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By Gerard Field
 
As a CEO of an international private bank, I find clients will spend much time and effort in selecting the right offshore jurisdiction for them taking into account the legal framework, regulations and whether the jurisdictions meet their individual requirements for what they require to be that asset protection, privacy, and strength of regulator to name a few key areas.  
 
Once jurisdiction has been selected then a review of the banking partners that are available will be a key determinant of using that jurisdiction. Considerations will include how strong the bank is in terms of a balance sheet, capital ratios, staff experience, and skills, then the consideration of the products and services provided by the bank.
 
By the time you have selected your preferred banking partner, you want the account opening procedure to be as quick and as simple as possible. I detail below where areas that can cause confusion or uncertainty can be avoided and make for a smooth start to the banking relationship.
 
The Application Form
 
Banks construct their application forms as a means to collect the information they need to ensure the account is complete and meets their legal obligations.  Incomplete application forms equal more time spent on follow-up correspondence. Ensure you read and fill out the bank’s application form in entirety. Some application forms may not be the easiest to follow so where you have any questions contact the bank directly to confirm the information they are requesting.  Not completing parts of the form will lead to more queries.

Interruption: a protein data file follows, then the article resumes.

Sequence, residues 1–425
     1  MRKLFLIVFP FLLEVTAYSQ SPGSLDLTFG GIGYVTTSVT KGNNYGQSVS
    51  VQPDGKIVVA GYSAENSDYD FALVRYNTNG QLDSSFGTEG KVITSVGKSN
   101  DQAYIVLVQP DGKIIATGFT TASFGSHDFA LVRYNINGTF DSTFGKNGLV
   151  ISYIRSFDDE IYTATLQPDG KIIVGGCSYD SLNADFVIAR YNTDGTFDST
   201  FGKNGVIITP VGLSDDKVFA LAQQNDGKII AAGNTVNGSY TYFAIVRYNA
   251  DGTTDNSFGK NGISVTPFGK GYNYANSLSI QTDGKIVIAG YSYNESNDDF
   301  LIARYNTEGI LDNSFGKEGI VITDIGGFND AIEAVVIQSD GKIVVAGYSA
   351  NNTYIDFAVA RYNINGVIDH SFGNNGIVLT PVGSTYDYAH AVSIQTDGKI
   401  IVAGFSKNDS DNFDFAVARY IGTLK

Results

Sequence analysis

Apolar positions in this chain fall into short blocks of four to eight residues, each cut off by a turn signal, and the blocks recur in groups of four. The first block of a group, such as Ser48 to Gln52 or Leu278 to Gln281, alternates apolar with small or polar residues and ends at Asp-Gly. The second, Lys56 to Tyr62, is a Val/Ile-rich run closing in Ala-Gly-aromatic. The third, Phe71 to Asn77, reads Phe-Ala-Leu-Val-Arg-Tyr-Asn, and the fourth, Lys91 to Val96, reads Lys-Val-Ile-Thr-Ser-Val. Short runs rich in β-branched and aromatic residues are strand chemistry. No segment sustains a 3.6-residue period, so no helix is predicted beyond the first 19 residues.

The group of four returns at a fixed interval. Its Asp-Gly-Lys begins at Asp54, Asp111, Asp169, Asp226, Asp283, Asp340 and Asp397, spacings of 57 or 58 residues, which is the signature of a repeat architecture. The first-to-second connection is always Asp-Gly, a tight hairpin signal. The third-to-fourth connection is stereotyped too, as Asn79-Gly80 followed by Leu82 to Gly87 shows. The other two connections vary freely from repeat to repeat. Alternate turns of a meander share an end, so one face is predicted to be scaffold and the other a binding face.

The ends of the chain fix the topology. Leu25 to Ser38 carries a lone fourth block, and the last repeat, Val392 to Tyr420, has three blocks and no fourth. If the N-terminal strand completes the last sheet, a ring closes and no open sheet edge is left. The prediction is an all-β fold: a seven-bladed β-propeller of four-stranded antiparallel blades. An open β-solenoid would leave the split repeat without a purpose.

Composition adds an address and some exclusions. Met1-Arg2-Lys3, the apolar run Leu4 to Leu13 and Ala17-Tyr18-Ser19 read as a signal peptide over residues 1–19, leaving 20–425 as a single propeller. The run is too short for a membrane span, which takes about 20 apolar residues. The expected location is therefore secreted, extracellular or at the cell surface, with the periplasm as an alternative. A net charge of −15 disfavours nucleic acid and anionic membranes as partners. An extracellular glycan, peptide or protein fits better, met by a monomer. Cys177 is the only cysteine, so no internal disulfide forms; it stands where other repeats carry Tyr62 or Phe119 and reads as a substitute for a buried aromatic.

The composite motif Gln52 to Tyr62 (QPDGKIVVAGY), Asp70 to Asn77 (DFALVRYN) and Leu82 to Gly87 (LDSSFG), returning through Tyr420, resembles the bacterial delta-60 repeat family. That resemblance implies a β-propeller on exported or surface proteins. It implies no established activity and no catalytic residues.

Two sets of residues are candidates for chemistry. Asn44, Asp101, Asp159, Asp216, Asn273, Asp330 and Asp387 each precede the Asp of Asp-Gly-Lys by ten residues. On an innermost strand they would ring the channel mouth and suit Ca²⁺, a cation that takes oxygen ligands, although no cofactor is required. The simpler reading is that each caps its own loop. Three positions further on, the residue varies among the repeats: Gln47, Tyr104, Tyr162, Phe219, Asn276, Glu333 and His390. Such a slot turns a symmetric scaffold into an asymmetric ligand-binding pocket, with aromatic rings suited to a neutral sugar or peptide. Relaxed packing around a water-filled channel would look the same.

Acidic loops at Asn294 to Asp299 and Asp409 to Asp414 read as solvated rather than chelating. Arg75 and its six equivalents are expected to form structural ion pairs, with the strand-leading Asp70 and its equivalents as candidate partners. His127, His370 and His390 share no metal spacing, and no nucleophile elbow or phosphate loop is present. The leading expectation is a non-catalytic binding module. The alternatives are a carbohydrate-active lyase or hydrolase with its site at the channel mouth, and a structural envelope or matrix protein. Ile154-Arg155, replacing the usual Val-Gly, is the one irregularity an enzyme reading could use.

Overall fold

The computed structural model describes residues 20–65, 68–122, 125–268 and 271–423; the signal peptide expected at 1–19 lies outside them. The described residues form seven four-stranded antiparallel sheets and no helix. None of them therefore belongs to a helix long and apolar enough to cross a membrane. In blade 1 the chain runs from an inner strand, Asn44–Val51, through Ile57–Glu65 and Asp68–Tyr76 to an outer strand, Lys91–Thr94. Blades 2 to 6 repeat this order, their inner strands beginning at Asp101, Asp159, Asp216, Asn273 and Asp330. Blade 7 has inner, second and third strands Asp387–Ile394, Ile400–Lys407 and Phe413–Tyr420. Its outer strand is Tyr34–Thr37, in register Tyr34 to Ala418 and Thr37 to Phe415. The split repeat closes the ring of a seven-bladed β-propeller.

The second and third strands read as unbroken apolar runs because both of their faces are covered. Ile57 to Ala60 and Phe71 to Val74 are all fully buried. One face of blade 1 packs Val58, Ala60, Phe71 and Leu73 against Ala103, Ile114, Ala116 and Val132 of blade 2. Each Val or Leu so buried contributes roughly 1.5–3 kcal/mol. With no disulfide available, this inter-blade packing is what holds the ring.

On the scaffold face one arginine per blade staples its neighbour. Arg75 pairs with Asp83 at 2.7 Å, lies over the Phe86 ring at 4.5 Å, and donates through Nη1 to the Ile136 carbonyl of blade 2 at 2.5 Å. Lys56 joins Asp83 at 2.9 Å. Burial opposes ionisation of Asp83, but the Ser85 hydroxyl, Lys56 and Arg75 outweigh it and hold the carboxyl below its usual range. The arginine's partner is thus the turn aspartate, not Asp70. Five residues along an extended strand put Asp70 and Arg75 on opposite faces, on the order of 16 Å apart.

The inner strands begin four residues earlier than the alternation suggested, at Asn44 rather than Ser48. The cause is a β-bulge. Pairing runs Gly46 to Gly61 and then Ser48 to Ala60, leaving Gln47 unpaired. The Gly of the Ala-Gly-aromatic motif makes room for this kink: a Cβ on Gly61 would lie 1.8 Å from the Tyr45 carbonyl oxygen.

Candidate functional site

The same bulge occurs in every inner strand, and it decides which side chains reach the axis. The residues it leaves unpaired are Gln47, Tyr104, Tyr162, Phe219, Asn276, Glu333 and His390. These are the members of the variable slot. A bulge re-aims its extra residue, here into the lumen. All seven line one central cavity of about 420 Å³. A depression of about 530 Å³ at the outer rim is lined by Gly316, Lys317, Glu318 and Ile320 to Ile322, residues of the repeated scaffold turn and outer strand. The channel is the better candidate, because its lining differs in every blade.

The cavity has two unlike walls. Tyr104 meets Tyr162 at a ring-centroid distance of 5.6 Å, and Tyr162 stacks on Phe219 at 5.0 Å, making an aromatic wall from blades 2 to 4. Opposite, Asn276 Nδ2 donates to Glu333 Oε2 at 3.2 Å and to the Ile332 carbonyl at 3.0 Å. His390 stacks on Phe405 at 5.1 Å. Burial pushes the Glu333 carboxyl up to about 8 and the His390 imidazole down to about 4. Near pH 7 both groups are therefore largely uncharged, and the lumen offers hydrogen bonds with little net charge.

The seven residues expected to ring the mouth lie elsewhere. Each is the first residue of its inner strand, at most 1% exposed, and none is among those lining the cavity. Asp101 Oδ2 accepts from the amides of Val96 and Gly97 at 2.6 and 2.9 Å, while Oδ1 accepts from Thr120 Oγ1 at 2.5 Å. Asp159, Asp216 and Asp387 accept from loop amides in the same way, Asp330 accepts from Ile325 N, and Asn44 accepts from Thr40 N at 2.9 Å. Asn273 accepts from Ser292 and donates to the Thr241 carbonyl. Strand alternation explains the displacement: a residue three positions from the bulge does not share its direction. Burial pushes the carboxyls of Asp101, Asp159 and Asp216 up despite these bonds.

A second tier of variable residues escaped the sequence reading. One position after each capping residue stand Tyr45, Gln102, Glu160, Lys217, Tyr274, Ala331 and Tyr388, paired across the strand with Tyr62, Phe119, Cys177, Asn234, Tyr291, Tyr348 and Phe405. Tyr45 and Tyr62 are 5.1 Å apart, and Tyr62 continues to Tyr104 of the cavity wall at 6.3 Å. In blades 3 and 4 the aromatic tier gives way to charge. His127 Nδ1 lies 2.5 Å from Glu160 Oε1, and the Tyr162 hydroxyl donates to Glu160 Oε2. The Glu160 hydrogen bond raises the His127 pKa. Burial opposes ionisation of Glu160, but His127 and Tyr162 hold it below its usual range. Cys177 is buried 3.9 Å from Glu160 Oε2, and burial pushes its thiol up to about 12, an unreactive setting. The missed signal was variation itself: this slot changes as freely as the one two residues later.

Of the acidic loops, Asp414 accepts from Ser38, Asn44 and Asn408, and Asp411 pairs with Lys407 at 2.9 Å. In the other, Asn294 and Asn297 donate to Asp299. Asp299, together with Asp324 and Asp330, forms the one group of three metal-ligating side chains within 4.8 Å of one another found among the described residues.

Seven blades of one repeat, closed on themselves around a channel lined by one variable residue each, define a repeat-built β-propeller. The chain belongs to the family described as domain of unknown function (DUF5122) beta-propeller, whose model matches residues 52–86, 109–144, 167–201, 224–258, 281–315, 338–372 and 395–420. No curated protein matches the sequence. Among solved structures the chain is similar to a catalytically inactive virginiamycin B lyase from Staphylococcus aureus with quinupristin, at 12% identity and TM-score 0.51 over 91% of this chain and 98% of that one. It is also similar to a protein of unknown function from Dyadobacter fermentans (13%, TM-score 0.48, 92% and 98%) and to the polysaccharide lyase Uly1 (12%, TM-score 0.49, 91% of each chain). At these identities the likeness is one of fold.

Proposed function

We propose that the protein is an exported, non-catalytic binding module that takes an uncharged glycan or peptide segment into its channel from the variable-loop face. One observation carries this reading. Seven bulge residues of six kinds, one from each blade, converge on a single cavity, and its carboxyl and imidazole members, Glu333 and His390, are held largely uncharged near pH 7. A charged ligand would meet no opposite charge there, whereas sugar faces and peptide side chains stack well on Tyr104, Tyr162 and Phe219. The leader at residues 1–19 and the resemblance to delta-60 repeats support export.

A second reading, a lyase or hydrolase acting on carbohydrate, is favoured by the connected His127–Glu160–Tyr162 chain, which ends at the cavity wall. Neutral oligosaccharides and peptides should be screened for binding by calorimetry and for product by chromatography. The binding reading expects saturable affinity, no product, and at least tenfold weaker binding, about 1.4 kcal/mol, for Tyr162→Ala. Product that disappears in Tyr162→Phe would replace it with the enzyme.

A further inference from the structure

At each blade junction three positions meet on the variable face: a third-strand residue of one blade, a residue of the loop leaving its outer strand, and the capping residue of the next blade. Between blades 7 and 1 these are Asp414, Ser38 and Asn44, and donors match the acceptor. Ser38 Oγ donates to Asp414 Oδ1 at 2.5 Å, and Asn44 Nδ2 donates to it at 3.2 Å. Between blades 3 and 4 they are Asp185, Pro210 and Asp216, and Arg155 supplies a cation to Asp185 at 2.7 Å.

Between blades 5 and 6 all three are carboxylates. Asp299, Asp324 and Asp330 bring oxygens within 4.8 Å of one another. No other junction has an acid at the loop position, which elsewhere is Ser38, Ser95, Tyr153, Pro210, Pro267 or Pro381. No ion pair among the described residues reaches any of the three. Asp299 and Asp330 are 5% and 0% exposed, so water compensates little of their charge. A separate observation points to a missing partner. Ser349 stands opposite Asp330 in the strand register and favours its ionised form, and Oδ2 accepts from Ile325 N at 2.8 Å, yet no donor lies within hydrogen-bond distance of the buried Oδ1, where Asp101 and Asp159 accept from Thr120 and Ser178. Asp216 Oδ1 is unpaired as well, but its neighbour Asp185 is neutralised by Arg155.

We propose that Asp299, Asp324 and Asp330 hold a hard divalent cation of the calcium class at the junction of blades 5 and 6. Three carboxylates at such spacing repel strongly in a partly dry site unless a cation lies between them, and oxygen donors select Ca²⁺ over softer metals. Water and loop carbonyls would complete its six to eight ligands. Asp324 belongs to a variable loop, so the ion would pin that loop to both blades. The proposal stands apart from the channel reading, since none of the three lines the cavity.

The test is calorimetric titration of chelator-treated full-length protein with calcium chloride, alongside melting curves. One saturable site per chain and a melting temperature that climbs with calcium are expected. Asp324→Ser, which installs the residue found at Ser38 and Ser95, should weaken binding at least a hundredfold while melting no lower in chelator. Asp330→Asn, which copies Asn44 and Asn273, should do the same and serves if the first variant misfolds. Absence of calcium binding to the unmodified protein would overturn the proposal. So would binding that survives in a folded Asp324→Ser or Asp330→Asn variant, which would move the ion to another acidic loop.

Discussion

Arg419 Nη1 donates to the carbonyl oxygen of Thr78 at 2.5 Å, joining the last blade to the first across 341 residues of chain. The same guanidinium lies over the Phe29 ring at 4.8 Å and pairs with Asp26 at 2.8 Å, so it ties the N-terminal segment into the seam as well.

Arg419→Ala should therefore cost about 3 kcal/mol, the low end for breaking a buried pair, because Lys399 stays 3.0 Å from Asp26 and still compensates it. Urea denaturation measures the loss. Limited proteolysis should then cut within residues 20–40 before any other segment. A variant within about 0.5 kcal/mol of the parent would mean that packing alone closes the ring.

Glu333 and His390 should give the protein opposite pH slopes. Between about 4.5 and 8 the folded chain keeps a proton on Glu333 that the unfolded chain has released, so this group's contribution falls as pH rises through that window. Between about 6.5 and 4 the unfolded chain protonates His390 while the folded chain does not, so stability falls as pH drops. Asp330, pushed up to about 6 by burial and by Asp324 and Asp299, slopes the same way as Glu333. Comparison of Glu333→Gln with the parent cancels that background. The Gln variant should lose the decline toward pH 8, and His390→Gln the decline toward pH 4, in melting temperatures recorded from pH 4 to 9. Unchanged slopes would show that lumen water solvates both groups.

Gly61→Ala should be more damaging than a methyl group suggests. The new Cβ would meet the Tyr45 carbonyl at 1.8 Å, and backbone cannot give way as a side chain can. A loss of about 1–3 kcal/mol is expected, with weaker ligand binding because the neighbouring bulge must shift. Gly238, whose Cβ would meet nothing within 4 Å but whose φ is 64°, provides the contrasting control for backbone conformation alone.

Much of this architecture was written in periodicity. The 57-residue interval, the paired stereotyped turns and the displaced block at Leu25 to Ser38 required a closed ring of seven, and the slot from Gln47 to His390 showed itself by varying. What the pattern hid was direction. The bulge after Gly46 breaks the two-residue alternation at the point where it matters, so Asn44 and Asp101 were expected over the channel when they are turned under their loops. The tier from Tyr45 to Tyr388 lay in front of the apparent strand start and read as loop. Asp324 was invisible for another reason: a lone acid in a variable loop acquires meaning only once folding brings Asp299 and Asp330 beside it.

Source of Wealth
 
The Bank needs to know how you accumulated your wealth. All banks have legal obligations to ensure they have an understanding of where the client’s wealth has been generated and is a key area the Bank takes into consideration when assessing new clients and you should have a very good idea of how you generated your wealth. It doesn’t need to be down the last dollar but should be detailed enough to satisfy the bank’s query.
 
Source of Funds
 
The Bank will need to know where the origin of the deposit is for your initial deposit and this should be a relatively easy question to answer.  Is it from your local bank account, or are securities being sold? Perhaps a property is being sold? Be clear with the bank so they can check the veracity.
 
 
Purpose of Account
 
A key part of the bank’s obligations is to understand what the account is being used for so they will need to know why you’re setting up this account and where any payments will be going. Key areas the bank will be looking at in this instance will be the industry and the countries involved.  
 
Politically Exposed Persons (PEP)
 
There is guidance given by Financial Action Task Force (FATF) on what a PEP is and the bank’s jurisdiction will also have guidance or specific legislation detailing what it has decided a PEP is. There is no stigma attached to being a PEP but it will cause the bank to undertake a more thorough due diligence process. More information on the source of wealth and the purpose of the account will be required.  
 
Supporting Documentation 
 
As you complete the form be sure to note where additional information and supporting documentation are required. Ensuring all supporting documentation if provided will greatly accelerate the account review process.  Some banks will have a mobile app to be downloaded to verify passports or drivers’ licenses against a self-taken photo on a smartphone, a certification by a notary public or equivalent, or via a video conference call. These are a very quick and simple way to establish your physical identity.  
 
Even with a remote account opening, it should be a simple procedure to open an offshore bank account. The bank is as keen as you to have a new business on board. So, make it easy by reading the application form and providing all the information asked for. Then you can enjoy the benefits of international banking.
 
 
Gerard Field is CEO of Capital Security Bank an international private bank based in the Cook Islands.